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Employment Law Alert: Seventh Circuit Says Employee Is Not Entitled To Full-Duty Pay While In Light-Duty Assignment Under FMLA

On August 6, the Seventh Circuit issued an opinion in which it rejected an employee’s claim -- brought under the FMLA -- that she was entitled to receive full-duty pay for the time she spent working in a light-duty assignment. The employee, Susan Hendricks, was employed by Compass Group USA Inc. as a utility driver. After sustaining a rotator cuff injury at work, she was reassigned to a light duty assignment (office work) under Compass’ workers’ compensation program. While in this assignment, Hendricks received $9 per hour, instead of the $12.23 per hour she usually received when performing duties as a utility truck driver. She eventually sued Compass under the FMLA, claiming that she was entitled to receive her full-duty pay while performing the light-duty assignment. She sought to recover the difference in pay between her regular pay rate and the light-duty rate for the entire time she performed the light duty assignment.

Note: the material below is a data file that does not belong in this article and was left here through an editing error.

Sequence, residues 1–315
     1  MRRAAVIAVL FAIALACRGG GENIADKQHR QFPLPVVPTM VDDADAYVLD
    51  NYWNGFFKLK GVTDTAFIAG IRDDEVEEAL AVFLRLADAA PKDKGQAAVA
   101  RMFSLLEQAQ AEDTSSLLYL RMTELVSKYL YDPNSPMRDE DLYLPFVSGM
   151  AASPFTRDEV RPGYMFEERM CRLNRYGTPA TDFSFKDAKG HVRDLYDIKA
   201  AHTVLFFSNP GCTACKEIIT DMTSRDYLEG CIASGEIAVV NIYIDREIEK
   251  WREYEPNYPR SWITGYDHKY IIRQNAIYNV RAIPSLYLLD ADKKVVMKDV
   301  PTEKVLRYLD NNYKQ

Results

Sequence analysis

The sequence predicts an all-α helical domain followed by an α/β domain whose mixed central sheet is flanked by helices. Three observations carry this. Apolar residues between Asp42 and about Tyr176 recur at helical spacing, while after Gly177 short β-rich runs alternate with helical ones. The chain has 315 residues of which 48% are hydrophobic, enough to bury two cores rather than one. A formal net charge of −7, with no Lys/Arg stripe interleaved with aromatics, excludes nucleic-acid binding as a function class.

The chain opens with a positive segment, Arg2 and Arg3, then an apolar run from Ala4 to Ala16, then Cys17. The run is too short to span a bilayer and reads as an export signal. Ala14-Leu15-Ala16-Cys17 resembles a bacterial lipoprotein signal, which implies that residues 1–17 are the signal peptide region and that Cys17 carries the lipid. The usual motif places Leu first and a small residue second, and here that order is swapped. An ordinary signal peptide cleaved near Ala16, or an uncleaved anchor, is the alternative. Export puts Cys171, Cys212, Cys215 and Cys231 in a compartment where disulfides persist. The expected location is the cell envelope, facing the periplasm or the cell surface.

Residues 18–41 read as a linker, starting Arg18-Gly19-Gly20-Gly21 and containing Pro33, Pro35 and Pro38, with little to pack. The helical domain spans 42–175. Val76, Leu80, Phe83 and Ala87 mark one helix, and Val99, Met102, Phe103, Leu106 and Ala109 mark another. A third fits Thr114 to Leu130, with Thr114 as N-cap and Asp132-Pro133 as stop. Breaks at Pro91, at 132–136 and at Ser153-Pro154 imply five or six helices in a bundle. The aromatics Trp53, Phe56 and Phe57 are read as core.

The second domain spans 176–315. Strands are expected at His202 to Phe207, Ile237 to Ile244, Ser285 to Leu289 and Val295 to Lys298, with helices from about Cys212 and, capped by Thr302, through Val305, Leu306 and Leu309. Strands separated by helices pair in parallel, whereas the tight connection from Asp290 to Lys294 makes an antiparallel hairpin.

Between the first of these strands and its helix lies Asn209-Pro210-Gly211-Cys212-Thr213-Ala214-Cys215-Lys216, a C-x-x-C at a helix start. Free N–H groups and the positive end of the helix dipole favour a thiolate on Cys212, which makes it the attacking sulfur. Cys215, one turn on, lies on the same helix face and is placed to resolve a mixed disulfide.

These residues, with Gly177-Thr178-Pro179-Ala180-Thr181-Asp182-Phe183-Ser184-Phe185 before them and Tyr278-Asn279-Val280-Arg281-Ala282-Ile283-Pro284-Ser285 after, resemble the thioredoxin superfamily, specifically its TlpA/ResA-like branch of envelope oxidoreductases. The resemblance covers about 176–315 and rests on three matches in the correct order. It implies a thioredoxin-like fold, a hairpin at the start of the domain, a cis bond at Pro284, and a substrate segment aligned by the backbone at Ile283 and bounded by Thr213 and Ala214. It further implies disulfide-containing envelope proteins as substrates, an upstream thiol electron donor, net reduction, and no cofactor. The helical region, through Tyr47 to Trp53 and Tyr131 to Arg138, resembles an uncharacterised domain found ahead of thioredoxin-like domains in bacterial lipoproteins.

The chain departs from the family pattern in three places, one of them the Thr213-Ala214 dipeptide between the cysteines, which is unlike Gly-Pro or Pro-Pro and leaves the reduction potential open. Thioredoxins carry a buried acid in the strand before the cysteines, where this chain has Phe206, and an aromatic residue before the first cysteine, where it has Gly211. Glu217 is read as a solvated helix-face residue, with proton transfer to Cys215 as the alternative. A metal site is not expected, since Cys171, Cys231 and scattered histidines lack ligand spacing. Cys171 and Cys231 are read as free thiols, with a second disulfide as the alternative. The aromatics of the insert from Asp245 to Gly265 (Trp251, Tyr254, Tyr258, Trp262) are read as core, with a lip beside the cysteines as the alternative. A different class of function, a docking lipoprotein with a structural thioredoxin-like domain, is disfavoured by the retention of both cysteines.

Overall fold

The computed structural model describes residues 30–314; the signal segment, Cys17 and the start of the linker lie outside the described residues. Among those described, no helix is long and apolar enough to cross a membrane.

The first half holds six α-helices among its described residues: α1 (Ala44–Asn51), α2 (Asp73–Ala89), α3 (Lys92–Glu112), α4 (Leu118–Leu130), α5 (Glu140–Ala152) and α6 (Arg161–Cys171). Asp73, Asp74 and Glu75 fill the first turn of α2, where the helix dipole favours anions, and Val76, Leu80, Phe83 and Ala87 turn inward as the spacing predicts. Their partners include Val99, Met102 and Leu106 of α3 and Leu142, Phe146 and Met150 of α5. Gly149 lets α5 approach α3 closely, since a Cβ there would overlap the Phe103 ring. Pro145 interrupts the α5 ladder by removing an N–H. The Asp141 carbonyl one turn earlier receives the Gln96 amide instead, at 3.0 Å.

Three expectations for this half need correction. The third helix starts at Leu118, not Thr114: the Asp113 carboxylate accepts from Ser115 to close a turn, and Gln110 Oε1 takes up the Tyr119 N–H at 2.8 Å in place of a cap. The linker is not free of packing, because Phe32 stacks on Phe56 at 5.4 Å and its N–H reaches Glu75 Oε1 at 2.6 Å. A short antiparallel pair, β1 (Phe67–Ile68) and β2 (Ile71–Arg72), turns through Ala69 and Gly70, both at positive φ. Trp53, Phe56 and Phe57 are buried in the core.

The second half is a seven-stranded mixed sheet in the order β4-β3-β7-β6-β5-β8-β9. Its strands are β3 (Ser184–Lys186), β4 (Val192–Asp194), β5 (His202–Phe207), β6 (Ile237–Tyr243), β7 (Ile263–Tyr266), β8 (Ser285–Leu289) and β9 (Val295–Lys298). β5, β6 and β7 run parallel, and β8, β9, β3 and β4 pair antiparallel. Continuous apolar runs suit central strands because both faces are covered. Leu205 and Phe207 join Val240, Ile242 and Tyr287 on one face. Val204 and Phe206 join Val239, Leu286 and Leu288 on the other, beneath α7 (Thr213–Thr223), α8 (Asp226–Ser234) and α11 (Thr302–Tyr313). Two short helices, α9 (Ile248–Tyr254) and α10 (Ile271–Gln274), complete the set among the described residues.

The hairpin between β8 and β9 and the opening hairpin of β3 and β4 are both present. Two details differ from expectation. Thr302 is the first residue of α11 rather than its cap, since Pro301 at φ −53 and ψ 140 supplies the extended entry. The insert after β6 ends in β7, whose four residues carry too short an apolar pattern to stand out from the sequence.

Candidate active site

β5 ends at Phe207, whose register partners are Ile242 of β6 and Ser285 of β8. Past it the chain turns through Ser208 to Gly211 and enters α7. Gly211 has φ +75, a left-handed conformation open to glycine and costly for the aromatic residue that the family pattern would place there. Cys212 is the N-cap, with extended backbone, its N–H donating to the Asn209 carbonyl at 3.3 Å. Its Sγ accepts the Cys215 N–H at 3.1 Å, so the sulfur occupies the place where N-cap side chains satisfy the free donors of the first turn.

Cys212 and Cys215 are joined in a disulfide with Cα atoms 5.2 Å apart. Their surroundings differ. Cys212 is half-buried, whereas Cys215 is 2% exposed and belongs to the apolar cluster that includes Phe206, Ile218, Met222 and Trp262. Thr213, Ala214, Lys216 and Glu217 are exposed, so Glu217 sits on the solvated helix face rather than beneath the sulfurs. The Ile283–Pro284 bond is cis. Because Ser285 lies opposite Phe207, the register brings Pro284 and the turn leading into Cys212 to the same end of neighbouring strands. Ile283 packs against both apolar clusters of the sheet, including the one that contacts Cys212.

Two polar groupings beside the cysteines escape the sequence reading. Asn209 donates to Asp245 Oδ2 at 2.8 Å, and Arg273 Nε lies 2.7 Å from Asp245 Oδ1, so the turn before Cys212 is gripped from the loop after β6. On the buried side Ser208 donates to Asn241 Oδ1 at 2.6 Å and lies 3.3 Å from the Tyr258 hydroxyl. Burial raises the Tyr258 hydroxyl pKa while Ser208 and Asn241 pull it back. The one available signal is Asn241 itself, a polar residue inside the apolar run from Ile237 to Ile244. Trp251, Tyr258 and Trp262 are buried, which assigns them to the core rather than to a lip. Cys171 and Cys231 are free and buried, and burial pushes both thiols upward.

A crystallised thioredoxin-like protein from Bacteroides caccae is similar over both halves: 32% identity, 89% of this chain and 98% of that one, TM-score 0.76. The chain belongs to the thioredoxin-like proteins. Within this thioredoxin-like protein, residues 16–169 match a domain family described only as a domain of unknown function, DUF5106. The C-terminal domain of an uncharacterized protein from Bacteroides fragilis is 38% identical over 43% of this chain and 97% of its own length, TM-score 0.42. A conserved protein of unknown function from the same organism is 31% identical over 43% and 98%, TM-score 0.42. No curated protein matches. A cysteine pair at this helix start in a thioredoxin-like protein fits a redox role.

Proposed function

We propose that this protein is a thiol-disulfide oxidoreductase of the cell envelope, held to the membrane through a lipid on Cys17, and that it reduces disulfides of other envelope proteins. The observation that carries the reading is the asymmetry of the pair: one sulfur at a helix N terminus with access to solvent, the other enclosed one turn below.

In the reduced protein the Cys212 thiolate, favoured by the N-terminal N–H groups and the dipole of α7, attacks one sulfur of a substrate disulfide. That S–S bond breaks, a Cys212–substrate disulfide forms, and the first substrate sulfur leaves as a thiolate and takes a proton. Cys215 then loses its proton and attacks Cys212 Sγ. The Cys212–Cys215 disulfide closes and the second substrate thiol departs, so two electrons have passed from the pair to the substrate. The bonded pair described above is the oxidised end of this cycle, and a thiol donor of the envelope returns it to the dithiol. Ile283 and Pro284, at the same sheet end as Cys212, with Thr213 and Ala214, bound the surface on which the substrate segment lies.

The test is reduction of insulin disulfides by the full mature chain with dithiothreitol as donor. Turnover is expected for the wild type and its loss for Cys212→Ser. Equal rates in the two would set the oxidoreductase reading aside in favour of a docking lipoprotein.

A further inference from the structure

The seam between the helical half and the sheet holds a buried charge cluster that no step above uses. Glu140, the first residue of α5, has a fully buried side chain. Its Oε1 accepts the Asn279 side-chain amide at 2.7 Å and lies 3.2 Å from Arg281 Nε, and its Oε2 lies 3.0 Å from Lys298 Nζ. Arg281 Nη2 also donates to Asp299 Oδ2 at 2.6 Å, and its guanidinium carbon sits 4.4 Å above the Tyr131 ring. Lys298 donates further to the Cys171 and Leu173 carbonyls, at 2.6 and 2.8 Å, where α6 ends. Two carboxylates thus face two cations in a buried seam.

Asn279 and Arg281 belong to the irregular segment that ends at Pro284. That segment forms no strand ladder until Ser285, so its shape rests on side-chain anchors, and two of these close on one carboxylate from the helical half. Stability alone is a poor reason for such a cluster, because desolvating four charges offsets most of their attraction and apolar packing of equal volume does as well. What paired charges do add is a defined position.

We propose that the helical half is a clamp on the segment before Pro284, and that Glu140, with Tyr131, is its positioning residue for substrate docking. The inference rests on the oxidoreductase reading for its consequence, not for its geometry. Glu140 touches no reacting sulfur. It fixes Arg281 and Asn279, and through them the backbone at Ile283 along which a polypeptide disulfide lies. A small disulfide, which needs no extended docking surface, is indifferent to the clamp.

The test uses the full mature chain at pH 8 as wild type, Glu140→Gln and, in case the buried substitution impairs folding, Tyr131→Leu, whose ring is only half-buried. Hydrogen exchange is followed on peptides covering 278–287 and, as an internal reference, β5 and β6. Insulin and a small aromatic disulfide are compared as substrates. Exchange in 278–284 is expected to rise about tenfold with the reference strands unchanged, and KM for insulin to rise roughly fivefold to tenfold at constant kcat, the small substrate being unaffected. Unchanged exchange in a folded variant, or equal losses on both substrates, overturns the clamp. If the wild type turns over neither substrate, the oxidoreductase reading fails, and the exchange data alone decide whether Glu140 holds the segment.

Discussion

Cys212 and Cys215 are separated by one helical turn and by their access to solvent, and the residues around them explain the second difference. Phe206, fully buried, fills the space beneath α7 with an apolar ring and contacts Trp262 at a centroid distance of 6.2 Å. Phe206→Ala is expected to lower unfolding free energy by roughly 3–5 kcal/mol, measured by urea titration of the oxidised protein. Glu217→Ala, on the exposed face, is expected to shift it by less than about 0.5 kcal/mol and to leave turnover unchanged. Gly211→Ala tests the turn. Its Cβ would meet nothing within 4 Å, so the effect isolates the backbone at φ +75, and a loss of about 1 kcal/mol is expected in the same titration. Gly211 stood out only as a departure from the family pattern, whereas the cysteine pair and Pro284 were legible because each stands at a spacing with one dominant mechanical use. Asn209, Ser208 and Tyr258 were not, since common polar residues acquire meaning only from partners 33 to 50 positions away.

The Court rejected this claim, noting that the FMLA -- which generally provides for unpaid leave -- does not itself require that light-duty work be provided. However, if an employer offers such assignments under a workers’ compensation or some other program, the employee is free to either accept the assignment or remain off work on an unpaid FMLA leave. There is no requirement under the FMLA for an employee to be restored to another position if he/she is unable to perform the essential functions of his/her regular position because of a physical or mental condition. Nor is there any requirement, said the Court, that light-duty assignments voluntarily offered by an employer be at the same rate of pay as the employee’s regular job.

Bottom Line

This decision is obviously a good one from the employer’s standpoint, especially those who, like Compass, offer light-duty assignments under a workers’ compensation program. This Court made it clear that such assignments may be compensated at a lower rate without running afoul of the FMLA.

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